23. 23. AUTOMATION OF CAPACITOR BANK BASED ON MVAR REQUIREMENT minimized, since reactive power is generated at the device terminals. This method eliminates controlling devices, since capacitor is being switched on and off by means of the same switch as the device. The main disadvantage of this method is that the capacitor is not being used when the device is not operating. Moreover, the series of type of capacitors offered by manufacturers is not always sufficient to meet the requirements. The figure above depicts capacitor banks connection (CB) in an example electric system. It is noticeable, that each CB is connected directly to a particular load. Group power factor correction – this method is more effective than the previous one. Group PFC assumes compensation of a group of loads supplied by the same switchgear. Capacitor bank is usually controlled by the microprocessor based device called power factor regulator. Beside, this method force applying protection for power capacitors. Department of Electrical and Electronics Engineering 23
  24. 24. AUTOMATION OF CAPACITOR BANK BASED ON MVAR REQUIREMENT Illustration of group power factor correction In this case, capacitor banks are connected to the bus-bars, which supply a group of loads. Bulk compensation – this method assumes one compensating device for the whole object (inside the transformer station or in switching station). This solution minimize total reactive power to be installed and power factor can be maintained at the same level with the use of automatic regulation what makes the PF close to the desired one. The drawback is that supplying and distribution network, transformer as well as mains supplying all the equipment is loaded by reactive current. This type of compensation method demands capacitor banks to have wide range of power regulation, which can be determined by 24h measurements at the place of CB installation. This is not the best solution for large electric system, especially when the distance between the source and nonlinear receivers is long. The longer distance, the bigger losses in transmission system. For this reason most commonly used method of PFC is the group compensation, while for nonlinear loads of big power single compensation is applied. Department of Electrical and Electronics Engineering 24
  25. 25. AUTOMATION OF CAPACITOR BANK BASED ON MVAR REQUIREMENT Illustration of bulk power factor correction In the matter of fact, each method can be applied for reactive power compensation in power grid, but each with different effectiveness. In order to put in practice particular method, it is necessary to fulfil some conditions. The factors that decides about the choice of satisfying methods are as follows: · Number of receivers in a grid and how many of them needs PFC · Demanded level of grid compensation · Size and grid complexity · Possibility of CB arrangement · Type of equipment connected to the compensated mains and its behaviour (inductive/capacitive) · Higher order harmonic presence Sometimes, depending on the factors listed above, more than one method has to be applied in order to meet the PFC requirements . 4.2 Advantages and disadvantages of the methods of PFC Once all PFC methods were discussed in previous section, one can focus on advantages and drawbacks of each one. PFC METHOD ADVANTAGES DISADVANTAGES FIXED Compensation at the place Switching the device off stops of reactive power operation of capacitor bank generation. Big amount of compensating Minimize the load at the units Does not compensate mains whole grid Small capacitor power No regulator for control , multi-level CB Department of Electrical and Electronics Engineering 25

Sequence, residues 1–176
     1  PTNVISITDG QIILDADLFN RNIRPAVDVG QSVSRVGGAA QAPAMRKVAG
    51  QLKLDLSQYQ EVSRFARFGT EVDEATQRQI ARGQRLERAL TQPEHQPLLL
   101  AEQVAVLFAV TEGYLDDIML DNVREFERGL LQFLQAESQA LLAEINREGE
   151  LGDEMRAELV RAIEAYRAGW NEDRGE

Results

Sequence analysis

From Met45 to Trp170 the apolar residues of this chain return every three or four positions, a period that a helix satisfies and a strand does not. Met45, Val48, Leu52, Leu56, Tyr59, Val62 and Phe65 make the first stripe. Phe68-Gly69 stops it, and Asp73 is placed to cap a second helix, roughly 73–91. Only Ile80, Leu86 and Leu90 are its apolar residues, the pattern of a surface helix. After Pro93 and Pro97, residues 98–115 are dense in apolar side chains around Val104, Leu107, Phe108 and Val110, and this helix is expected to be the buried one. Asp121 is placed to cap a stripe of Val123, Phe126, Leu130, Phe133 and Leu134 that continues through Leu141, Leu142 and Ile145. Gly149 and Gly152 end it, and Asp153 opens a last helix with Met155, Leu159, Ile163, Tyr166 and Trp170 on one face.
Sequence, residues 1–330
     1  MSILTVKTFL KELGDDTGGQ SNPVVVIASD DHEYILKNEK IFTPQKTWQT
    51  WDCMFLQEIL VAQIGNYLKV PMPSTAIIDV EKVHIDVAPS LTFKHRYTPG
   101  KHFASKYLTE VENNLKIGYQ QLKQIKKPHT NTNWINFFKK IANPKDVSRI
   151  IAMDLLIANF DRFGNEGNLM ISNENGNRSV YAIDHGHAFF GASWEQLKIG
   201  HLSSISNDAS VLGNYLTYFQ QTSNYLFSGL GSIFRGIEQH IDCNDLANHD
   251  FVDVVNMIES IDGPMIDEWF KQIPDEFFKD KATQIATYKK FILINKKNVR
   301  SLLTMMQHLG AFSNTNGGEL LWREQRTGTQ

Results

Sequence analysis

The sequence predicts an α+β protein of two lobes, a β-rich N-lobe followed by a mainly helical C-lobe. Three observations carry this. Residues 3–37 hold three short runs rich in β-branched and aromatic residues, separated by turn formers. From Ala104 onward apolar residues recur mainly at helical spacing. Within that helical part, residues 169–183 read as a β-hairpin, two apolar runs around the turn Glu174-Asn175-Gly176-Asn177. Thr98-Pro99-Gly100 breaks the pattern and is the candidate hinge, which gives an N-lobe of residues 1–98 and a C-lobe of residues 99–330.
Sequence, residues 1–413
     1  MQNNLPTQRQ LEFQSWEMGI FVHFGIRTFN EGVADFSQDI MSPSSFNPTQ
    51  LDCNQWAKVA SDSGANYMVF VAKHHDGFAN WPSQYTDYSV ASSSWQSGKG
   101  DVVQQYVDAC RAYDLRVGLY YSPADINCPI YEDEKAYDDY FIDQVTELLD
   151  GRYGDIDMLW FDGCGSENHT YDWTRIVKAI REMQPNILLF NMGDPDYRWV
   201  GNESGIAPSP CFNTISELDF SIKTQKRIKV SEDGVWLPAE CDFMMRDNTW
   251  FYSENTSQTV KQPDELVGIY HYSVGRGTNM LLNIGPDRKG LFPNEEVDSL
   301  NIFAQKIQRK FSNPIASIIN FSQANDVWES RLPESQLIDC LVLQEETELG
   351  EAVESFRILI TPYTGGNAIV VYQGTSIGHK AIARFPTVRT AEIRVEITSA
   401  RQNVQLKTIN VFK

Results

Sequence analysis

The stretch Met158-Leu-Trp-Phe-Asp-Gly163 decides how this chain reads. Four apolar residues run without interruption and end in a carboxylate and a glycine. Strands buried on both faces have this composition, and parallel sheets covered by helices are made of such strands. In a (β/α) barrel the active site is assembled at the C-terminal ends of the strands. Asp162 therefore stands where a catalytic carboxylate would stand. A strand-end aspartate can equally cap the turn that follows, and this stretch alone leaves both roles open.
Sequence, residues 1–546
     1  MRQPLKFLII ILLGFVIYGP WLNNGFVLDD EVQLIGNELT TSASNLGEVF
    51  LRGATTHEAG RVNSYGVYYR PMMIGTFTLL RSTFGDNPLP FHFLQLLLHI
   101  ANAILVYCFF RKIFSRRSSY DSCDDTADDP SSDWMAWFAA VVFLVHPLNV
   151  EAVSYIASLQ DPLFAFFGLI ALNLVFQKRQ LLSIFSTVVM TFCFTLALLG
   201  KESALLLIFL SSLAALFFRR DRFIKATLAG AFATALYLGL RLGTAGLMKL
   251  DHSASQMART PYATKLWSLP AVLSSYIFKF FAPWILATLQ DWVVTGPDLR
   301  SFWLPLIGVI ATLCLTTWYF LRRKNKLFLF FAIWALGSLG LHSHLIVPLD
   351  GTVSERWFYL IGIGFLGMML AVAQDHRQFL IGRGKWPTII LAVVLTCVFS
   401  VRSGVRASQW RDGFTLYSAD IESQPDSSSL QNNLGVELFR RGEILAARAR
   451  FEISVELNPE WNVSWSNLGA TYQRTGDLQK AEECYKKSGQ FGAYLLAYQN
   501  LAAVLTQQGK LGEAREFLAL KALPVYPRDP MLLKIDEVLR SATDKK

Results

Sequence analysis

26. 26. AUTOMATION OF CAPACITOR BANK BASED ON MVAR REQUIREMENT GROUP Minimized number of Poor adaptation to the mains capacitor banks compared parameters Very often needs to single compensation controlling devices (PFR) method Particular parts of More expensive than bulk the mains are being compensation in terms of the compensated (closer to the bigger number of capacitor source) banks BULK The cheapest method Ensure constant g_ value Limited number of only at the terminals Mains capacitor banks inside an object is not sufficiently compensated Risk of distortions and resonance phenomenon occurrence MOTOR COMPENSATION No additional distortions The most expensive method Effective compensation of compensation Energy method losses for overexcitation of synchronous and synchronized. Shorter life expectancy of electric motor Grid is not fully Compensated Department of Electrical and Electronics Engineering 26